Question: What would the "cage-like" arrangement of Formazine molecules look like in a Formazine particle while it is still suspended in water? Would it be totally random, or have some kind of imperfect but recognizable regularity?
Formazine is used as an easily defined and prepared calibration or reference standard for turbidity measurements.
above x2: Formazine from PubChem.
Formazine (formazin) is a heterocyclic polymer produced by reacting hexamethylenetetramine with hydrazine sulfate.
The hexamethylenetetramine tetrahedral cage-like structure, similar to adamantane, serve as molecular building block to form a tridimensional polymeric network.
The readings shown by turbidimeters are not scaled in the measured light intensity, but in concentration of a reference suspension. Because the accuracy of this calibration solution determines the reliability of subsequent turbidity measurements, it is of crucial importance.
The internationally established turbidity standard for calibration is formazine. This standard can be reproduced at any time with the recipe taken from standard ISO 7027 (Water quality - Determination of turbidity).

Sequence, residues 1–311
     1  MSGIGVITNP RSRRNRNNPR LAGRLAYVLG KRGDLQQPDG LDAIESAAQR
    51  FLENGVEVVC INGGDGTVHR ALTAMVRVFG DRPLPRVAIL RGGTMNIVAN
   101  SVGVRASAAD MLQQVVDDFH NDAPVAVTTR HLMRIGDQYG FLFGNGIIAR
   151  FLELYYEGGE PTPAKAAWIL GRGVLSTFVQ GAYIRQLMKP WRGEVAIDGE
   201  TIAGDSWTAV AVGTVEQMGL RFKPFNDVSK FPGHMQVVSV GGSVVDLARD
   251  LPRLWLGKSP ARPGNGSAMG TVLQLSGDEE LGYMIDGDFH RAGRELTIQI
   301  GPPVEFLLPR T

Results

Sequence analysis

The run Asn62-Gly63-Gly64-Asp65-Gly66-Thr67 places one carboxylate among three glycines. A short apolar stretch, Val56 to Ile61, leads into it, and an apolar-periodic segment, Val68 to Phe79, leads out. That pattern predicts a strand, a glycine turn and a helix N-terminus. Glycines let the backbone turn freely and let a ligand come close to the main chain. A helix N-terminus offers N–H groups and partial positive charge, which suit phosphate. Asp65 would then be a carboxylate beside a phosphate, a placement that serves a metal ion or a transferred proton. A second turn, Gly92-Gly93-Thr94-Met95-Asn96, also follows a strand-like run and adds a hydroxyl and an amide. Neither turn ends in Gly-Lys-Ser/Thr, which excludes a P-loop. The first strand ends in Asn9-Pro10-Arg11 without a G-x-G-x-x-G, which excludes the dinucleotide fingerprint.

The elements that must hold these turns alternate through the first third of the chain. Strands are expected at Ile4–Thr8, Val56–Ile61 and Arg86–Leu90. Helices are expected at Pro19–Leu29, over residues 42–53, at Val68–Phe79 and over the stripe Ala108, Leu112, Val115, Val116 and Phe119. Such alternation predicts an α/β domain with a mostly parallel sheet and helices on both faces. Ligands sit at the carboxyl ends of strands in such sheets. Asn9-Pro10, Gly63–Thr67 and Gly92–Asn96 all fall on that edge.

It is extremely important to observe the prescribed preparation temperature, because it affects the particle size of the formazine particles perceptibly. The following Figure illustrates this. Errors caused by temperature variations are on the order of 1..2% per °C. Consequently, Sigrist keeps the preparation temperature constant to within ± 1°C.
above: "Particle size distributions of formazine at various preparation temperatures" from here.
above: Enlarged from TurbidityStandards.
above: Slide #10 from What is Turbidity? John Daly, ISA NorCal President, South Fork Instruments, Inc. Click for full size.